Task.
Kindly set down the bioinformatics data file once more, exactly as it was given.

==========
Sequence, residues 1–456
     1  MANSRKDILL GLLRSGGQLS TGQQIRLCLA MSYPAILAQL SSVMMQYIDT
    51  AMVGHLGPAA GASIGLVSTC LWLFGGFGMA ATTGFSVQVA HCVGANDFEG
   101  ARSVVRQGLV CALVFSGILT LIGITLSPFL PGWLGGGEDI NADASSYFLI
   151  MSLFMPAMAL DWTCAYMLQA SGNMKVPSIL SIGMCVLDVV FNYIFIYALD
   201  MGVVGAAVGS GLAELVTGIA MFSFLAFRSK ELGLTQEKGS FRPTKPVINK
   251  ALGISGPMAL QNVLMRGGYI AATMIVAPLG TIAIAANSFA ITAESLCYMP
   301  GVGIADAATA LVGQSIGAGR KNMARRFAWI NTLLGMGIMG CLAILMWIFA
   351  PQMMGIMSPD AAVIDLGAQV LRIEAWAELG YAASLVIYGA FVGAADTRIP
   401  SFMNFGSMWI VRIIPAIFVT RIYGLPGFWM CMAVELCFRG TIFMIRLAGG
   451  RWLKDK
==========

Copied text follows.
Sequence, residues 1–456
     1  MANSRKDILL GLLRSGGQLS TGQQIRLCLA MSYPAILAQL SSVMMQYIDT
    51  AMVGHLGPAA GASIGLVSTC LWLFGGFGMA ATTGFSVQVA HCVGANDFEG
   101  ARSVVRQGLV CALVFSGILT LIGITLSPFL PGWLGGGEDI NADASSYFLI
   151  MSLFMPAMAL DWTCAYMLQA SGNMKVPSIL SIGMCVLDVV FNYIFIYALD
   201  MGVVGAAVGS GLAELVTGIA MFSFLAFRSK ELGLTQEKGS FRPTKPVINK
   251  ALGISGPMAL QNVLMRGGYI AATMIVAPLG TIAIAANSFA ITAESLCYMP
   301  GVGIADAATA LVGQSIGAGR KNMARRFAWI NTLLGMGIMG CLAILMWIFA
   351  PQMMGIMSPD AAVIDLGAQV LRIEAWAELG YAASLVIYGA FVGAADTRIP
   401  SFMNFGSMWI VRIIPAIFVT RIYGLPGFWM CMAVELCFRG TIFMIRLAGG
   451  RWLKDK